Thursday, November 5, 2015

Maquoketa Caves with a toddler (photos). #travel #familytravel

 Artifacts such as pottery, as well as tools and projectile points made of stone have been found in the caves and surrounding area. These discoveries tell us that the Maquoketa Caves area has been a popular spot for hundreds of years, perhaps thousands of years. Early recorded history tells of the Native Americans in the area, and that they were likely visitors to the Raccoon Creek valleys. From the discovery of the caves in the 1830's by settlers until the present, the park has been a place to view the special beauty that nature has to offer.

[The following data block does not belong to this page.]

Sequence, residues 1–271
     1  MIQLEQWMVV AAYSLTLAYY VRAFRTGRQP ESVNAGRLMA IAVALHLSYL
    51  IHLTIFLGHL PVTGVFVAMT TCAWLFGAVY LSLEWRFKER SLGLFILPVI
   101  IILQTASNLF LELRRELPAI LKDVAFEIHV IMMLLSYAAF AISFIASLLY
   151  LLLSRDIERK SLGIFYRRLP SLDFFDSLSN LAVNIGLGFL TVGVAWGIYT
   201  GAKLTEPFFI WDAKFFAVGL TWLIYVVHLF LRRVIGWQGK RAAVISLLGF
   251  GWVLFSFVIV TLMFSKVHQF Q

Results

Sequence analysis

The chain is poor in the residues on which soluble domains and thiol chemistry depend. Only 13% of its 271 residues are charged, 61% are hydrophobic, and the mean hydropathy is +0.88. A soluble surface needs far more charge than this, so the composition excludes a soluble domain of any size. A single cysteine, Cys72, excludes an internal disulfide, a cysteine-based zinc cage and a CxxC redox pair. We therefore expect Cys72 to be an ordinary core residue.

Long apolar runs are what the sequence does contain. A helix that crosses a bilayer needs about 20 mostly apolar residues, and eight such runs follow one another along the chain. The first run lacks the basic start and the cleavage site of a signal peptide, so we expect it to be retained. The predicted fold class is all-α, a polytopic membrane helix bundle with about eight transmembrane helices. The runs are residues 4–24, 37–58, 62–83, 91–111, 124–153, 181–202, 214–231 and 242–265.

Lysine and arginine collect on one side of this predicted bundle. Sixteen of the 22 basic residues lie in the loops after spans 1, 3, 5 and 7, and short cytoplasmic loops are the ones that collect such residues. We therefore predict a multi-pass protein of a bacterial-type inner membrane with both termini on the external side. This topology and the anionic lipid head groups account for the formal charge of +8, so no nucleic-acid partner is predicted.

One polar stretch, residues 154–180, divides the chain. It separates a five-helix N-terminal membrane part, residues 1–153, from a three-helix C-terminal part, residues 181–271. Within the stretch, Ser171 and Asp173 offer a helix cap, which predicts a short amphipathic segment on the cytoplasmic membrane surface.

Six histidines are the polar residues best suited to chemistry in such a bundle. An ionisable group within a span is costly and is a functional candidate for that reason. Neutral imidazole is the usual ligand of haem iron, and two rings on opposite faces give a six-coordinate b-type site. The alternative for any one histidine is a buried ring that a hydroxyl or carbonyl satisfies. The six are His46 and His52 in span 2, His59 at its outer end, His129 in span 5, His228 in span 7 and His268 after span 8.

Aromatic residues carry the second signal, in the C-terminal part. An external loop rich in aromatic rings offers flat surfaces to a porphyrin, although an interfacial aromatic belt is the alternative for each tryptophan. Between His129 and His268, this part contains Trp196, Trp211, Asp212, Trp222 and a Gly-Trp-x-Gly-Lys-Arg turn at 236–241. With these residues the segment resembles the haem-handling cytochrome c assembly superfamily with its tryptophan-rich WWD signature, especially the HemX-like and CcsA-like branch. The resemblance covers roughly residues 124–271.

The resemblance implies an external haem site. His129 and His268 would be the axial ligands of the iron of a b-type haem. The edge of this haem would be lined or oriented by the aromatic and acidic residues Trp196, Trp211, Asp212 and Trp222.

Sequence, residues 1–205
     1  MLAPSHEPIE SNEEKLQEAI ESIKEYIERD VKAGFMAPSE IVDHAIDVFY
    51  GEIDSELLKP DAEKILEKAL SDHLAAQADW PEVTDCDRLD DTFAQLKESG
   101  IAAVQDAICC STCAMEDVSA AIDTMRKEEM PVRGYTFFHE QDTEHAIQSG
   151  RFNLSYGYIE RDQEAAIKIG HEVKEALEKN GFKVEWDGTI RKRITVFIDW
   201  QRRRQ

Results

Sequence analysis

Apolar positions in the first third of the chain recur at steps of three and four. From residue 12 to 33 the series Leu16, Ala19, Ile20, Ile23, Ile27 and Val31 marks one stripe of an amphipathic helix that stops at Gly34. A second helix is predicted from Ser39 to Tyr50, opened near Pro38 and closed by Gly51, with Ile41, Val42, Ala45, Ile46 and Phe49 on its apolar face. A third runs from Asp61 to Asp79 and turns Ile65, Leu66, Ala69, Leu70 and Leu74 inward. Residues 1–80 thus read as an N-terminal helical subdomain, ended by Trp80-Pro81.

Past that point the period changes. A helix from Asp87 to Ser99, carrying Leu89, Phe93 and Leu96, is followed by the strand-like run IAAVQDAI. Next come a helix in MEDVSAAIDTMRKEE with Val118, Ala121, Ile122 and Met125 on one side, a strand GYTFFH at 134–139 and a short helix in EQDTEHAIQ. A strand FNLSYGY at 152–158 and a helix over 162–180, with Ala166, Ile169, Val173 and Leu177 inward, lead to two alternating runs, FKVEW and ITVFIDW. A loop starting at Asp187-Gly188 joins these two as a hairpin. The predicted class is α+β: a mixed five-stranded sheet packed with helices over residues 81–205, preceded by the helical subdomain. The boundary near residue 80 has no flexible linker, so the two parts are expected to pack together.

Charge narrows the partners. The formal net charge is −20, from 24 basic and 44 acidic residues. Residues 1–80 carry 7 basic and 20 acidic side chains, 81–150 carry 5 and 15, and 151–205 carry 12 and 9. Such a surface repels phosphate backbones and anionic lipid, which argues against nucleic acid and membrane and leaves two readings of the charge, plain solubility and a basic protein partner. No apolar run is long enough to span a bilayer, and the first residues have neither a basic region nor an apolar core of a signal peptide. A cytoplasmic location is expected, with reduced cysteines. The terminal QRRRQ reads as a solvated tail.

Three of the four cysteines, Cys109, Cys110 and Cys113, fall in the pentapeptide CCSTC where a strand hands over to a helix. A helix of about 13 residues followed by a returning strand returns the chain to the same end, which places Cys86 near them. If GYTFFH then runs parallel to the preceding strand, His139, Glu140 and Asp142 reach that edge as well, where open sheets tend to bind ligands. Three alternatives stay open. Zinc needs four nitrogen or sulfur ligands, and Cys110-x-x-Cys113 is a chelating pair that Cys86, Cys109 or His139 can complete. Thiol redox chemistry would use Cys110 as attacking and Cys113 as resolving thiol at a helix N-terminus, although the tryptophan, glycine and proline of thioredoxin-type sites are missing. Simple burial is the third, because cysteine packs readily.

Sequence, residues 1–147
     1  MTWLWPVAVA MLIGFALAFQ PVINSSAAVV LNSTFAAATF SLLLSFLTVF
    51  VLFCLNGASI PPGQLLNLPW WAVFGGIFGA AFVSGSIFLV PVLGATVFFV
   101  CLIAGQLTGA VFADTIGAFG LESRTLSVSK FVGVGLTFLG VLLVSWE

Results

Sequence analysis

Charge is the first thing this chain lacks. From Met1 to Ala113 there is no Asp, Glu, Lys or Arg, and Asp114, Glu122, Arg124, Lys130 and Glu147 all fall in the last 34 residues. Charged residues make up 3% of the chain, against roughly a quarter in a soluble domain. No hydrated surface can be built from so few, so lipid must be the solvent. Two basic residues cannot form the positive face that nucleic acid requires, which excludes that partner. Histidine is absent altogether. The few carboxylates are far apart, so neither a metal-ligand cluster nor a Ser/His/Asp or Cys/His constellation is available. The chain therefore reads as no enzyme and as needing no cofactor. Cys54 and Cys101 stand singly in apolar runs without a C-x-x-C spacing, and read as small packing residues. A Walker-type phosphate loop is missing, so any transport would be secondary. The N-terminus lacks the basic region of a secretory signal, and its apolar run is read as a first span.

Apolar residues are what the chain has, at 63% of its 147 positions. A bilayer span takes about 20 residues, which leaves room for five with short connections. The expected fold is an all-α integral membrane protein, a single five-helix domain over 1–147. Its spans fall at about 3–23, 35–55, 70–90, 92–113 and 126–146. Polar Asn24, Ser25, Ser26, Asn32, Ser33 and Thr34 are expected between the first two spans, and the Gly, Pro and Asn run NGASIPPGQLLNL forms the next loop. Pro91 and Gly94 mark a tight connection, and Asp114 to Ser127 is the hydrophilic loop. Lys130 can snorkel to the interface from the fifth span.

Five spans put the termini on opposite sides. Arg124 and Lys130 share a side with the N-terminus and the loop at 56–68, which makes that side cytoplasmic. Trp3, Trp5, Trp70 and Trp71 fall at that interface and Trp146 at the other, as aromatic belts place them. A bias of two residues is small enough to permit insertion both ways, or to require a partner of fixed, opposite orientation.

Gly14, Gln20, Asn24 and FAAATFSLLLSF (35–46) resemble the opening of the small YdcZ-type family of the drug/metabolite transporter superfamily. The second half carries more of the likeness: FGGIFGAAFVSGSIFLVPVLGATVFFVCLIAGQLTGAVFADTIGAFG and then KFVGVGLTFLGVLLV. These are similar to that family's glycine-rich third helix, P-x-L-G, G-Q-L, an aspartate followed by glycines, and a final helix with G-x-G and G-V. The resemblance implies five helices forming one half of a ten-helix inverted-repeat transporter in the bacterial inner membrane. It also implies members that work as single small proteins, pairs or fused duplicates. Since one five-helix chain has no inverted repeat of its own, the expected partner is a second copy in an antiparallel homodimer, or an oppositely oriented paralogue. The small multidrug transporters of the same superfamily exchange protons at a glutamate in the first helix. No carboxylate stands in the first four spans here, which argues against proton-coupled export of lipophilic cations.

Beautiful milk white stalactites once hung from the ceilings and stalagmites rose from the floor. Souvenir hunters have robbed the caves of this rare beauty, but many formations remain.
















Maquoketa Caves is probably Iowa's most unique state park. Its caves, limestone formations and rugged bluffs provide visitors a chance to "step back" into geological time thousands of years. Caves vary from the 1,100' Dancehall Cave with walkways and lighting system to Dugout Cave. The remaining caves are all different sizes and shapes. Some can be explored by walking while others can best be seen by crawling. In any case, a flashlight and old clothes and shoes are most helpful.


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